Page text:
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The Last Best Place - Day 6

Got Flip Flops?

In every walk with nature one receives far more than he seeks. –John Muir


What do you do when you wake up and find that you are almost unable to walk, that there is absolutely NO WAY you can pull shoes on, and you are about 8 miles from the nearest road….your path there a rugged and uneven trail littered with rocks and roots?

Matt had been watching me quietly as I tried to stand. Overnight, my heels had scabbed over and they were so tight that standing upright was difficult and painful. Each step was awkward as I tottered across the floor, unable to fully set my heel on the floor, and finding that I had to basically walk on my tiptoes. I could tell by his silence that he finally realized how bad my feet were.


"Why did you keep hiking?" he asked me quietly. "You should have told me. We didn't have to do this hike."

I really didn't have to explain to him. He knew why.

Because being in Glacier brings me a peace that nothing else can. Because the joy that hiking those trails fills me with far outweighed the pain that those blisters caused me. And because I wasn’t willing to miss a moment of it.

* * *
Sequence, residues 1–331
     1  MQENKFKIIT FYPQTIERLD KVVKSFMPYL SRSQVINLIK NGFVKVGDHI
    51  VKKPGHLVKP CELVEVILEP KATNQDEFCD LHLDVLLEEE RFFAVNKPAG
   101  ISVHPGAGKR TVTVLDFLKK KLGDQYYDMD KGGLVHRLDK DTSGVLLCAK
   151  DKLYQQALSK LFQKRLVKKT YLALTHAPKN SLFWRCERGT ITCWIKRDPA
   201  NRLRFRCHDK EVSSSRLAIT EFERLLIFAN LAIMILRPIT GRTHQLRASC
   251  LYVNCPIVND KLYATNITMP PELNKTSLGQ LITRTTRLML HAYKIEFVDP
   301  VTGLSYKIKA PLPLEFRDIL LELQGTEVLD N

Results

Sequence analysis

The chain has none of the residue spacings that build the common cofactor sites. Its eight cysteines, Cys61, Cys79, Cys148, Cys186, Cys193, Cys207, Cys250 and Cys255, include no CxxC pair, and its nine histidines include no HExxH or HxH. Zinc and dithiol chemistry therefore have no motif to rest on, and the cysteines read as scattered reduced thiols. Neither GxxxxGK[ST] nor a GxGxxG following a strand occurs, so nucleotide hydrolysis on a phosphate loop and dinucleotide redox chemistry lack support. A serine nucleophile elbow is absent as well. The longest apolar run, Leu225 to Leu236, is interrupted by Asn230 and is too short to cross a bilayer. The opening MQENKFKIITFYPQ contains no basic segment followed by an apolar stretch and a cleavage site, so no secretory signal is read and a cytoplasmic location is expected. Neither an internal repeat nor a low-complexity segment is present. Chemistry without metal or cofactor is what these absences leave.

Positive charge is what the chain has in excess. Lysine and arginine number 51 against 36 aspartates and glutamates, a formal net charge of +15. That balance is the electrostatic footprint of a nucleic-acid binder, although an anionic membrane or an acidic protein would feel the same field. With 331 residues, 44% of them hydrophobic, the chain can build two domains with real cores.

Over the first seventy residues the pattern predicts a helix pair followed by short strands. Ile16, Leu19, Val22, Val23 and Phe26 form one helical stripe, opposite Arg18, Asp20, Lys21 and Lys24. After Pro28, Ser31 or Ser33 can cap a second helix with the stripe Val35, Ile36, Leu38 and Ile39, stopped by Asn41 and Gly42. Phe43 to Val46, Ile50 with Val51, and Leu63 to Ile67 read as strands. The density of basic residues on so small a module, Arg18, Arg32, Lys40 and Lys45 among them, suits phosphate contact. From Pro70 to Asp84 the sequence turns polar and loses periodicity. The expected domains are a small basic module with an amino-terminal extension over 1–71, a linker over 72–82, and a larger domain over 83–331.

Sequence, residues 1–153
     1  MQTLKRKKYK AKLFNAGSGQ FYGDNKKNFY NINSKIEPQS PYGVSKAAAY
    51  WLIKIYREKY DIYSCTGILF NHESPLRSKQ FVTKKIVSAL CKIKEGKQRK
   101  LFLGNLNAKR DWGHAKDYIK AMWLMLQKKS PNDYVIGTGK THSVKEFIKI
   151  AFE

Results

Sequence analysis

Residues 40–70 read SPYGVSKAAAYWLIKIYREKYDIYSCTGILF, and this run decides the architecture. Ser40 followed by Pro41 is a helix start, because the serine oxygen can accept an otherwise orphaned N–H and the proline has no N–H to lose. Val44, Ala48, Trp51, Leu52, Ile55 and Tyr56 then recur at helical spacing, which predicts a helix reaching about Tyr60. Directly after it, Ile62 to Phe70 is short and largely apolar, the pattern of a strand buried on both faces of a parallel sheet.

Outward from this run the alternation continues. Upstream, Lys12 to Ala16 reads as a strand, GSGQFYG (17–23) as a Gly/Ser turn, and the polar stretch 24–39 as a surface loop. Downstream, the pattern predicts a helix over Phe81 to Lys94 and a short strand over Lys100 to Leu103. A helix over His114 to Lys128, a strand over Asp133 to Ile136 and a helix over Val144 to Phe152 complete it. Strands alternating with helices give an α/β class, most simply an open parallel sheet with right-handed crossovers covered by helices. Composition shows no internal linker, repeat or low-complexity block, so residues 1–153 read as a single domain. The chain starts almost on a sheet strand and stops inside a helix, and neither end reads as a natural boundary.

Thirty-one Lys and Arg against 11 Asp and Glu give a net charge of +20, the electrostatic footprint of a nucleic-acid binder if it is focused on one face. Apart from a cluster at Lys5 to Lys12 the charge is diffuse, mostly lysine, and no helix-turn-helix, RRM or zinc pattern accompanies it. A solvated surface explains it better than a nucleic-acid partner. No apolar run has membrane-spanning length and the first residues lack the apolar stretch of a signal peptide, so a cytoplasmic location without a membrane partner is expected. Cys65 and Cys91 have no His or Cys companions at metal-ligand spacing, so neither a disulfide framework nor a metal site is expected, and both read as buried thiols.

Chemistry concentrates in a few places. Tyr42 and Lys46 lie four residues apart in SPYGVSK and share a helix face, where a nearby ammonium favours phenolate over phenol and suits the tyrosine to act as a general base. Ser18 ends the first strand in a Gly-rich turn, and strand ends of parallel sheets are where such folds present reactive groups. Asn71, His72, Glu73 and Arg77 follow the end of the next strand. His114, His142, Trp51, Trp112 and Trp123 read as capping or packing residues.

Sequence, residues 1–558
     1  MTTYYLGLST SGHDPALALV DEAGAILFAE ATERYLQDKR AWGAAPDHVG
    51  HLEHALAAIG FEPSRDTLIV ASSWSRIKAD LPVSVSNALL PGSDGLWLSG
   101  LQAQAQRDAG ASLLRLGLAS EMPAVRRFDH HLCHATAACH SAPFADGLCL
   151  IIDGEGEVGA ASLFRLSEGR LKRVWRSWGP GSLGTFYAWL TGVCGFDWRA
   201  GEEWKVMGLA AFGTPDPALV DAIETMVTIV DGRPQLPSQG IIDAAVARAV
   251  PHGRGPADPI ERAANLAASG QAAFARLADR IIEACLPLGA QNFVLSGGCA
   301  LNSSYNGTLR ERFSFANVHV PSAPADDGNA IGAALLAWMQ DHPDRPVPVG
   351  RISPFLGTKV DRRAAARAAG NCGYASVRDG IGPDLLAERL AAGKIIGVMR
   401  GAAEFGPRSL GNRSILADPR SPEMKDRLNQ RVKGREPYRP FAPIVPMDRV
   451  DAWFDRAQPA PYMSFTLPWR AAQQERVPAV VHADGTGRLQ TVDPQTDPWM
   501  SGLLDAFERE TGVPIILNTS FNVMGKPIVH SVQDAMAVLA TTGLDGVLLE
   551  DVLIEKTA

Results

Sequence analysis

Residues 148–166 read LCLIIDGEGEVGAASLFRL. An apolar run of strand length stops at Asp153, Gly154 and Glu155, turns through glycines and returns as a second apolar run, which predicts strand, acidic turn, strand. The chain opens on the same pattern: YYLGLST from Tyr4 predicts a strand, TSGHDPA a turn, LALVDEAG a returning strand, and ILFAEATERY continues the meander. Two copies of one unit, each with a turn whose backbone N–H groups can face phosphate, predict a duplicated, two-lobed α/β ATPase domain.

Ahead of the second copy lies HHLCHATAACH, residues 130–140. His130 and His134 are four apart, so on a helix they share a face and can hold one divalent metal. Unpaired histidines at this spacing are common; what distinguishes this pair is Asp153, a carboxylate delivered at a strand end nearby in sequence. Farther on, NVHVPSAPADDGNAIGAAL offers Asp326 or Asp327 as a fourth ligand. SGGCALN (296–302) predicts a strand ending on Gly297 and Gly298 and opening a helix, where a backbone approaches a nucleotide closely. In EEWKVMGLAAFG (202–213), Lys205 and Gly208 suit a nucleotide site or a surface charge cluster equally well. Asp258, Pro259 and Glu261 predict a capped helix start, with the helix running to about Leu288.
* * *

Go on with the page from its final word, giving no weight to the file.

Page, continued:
I could tell he was angry that I hadn't let him know how bad they were. His face looked sick. I knew he was worried. But I also knew that he understood how much I wanted to be there. And so, he just sat quietly while I carefully taped my feet up again. As I taped, I noticed out of the corner of my eye that he was quietly removing nearly everything from my pack and putting it in his own.

I guess he figured he could carry my stuff….or he could carry me.

We had 8 miles to hike. The first mile would be up a steep pass. Then we would hike several steep miles down the other side, ending with about 4 miles through a valley until we reached the Swiftcurrent Motor Inn, where our friends would pick us up.